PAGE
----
Ever wonder what was going on in the world when the first student stake was organized, or when the Aaronic Priesthood ages changed? We've done the research for you and found some surprising connections in 20th-century world and church history. See part one from the 19th century by clicking here.
More than a million twinkling lights are estimated to be part of Temple Square at Christmas--but how well do you know the winter decorations and events on Temple Square? Here are 20 things we bet you haven't heard before!
Visiting Temple Square at Christmas time is on a lot of people's bucket lists--and not just for Mormons. The lights display on the Salt Lake Temple's grounds makes December a favorite time for visitors.
One couple--not LDS--comes every year all the way from North Carolina to see the Christmas displays, "Because no one celebrates Christmas like the Mormons do."
And while Temple Square always has surprises in store no matter when you go, at this time of year, there's something extra magical about this wonder of the Mormon world when it's adorned with beautiful nativities and decorated with glowing lights on every tree, bush, and building. It's a magic that brings peace. As Elder Richard L. Evans said at the first lighting ceremony in 1965, "We thought that Temple Square should be a place where men could come and reflect on the real meaning of Christmas."
Did you know that Mickey Mouse wasn't always the kind, compassionate role model we know today?
In the early days, Mickey was quite the violent troublemaker. His gradual change to the gentle, giving character we now know and love was significantly influenced by the man who was in charge of the Mickey Mouse comic strip for 45 years: Church member Floyd Gottfredson.Image from fantagraphics.com
Gottfredson was hired by Walt Disney in 1929 to train in animation, even though his real passion was for comic strips. But four months later, Walt Disney asked Gottfredson to take over the Mickey Mouse comic strip.
At this point, Gottfredson was enjoying working in animation and didn't want to make the switch, but as Gottfredson said in a 1979 interview with Jim Korkis, "Walt was quite a salesman. He told me to just take the strip for two weeks to give him some time to find another artist. I wanted to help out, so I agreed." Gottfredson filled that "temporary" position from 1930 to 1975.
The most important reminder I have ever received about gratitude happened at my father's bedside as he lay dying. Barely able to speak, he managed to share a reminder about gratitude that changed my life.
It was early on a Sunday morning in January and the fifth-floor cancer wing of the East Texas Medical Center was uncharacteristically quiet.
I had spent the night on the couch in my father’s hospital room, and before rising, I peeked through the curtains just above my makeshift bed and out into a winter wonderland—the trees and grounds glowing with freshly fallen snow. The peaceful scene before me contrasted sharply with the anxiety I felt over my father’s rapidly deteriorating condition.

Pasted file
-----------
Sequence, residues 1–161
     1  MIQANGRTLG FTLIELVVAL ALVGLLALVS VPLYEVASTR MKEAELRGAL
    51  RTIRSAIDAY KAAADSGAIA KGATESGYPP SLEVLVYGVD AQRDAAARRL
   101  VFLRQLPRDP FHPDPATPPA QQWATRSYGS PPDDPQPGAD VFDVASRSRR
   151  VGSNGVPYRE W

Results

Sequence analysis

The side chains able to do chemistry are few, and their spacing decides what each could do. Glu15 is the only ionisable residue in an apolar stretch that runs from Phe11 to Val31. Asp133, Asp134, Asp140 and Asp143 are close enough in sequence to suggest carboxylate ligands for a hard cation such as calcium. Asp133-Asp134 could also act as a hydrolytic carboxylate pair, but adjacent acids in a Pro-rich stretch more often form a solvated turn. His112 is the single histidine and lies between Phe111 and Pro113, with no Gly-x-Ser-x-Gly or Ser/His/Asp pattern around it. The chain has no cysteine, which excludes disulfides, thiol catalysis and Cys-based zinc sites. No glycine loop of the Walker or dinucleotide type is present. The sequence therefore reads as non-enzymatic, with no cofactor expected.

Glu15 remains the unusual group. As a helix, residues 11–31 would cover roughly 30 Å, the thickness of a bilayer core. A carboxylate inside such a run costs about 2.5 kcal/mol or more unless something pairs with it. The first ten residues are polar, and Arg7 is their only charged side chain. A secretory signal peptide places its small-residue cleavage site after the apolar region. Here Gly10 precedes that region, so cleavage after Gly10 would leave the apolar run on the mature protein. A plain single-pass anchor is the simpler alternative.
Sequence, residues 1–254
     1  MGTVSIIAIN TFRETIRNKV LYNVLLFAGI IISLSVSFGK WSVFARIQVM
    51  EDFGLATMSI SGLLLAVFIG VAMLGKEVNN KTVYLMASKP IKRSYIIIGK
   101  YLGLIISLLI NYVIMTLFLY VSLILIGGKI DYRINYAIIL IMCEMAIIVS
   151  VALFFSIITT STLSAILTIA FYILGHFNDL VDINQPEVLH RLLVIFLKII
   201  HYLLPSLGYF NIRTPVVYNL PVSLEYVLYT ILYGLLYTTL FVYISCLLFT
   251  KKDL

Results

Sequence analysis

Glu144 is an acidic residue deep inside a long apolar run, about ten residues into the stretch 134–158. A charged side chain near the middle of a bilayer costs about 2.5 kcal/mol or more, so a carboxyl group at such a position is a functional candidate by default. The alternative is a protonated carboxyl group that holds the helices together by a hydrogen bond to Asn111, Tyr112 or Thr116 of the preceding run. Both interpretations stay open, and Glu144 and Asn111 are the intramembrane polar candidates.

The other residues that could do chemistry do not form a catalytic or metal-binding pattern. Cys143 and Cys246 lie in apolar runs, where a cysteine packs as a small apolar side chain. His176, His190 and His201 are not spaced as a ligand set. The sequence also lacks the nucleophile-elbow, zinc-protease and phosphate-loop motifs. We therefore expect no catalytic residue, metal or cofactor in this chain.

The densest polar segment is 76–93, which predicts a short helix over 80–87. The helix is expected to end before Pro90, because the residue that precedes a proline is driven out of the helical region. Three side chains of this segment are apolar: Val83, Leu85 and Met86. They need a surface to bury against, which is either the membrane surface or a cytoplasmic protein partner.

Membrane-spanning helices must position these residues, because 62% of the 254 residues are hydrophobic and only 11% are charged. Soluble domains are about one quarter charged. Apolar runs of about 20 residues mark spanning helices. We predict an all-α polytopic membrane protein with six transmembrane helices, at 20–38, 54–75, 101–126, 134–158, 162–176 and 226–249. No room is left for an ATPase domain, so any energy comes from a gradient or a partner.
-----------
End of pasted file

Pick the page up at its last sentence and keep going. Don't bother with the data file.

I crawled from beneath the covers, slipped my shoes on, and tiptoed across the floor so as not to disturb my younger sister who was somehow sleeping soundly in the recliner beside the couch.
I settled into a chair beside my father’s bed, and while watching my big teddy bear of a father sleep, I thought about how he had never missed a Sunday of church until the last couple of weeks when he was too sick and weak to attend.
When he awoke sometime later and focused his eyes on me, I asked if it would be okay if we had our own Sabbath day devotional. Although he had spoken very little in days due to the increasing pressure of the tumor on his brain, he managed to mouth the word “OK” in something just above a whisper.
The first place I turned for inspiration was to his favorite section of the Doctrine and Covenants, to the very verse he had raised his four daughters on. I read aloud in a tone I hoped conveyed my love and respect for the man who had woven the power of this verse into the fabric of my spirit: “Therefore, fear not, little flock; do good; let earth and hell combine against you for if ye are built upon my rock, they cannot prevail" (Doctrine and Covenants 6:34).
For Latter-day Saints, there's more than one place to find scriptural accounts of the first Christmas. Here are 6 ways to incorporate the Book of Mormon into your Christmas celebrations.
When I was growing up, every December we would read the Christmas story from Luke 2 and Matthew 2 about Christ's birth in Bethlehem, the shepherds, and the wise men. But as Latter-day Saints, we know there's more to that story--there's a second Christmas account about what was happening in the Americas at the same time, found in the Book of Mormon.
Remember the Nephites and Lamanites in this year with these 6 ideas for a "Book of Mormon Christmas."
1. Sing or listen to Christmas songs based on Book of Mormon events.
The Christmas season is famous for its music, but some of the best LDS Christmas songs you won't hear on the radio.
A favorite LDS-specific Christmas song can be found in the Children's Songbook: "Samuel Tells of the Baby Jesus." The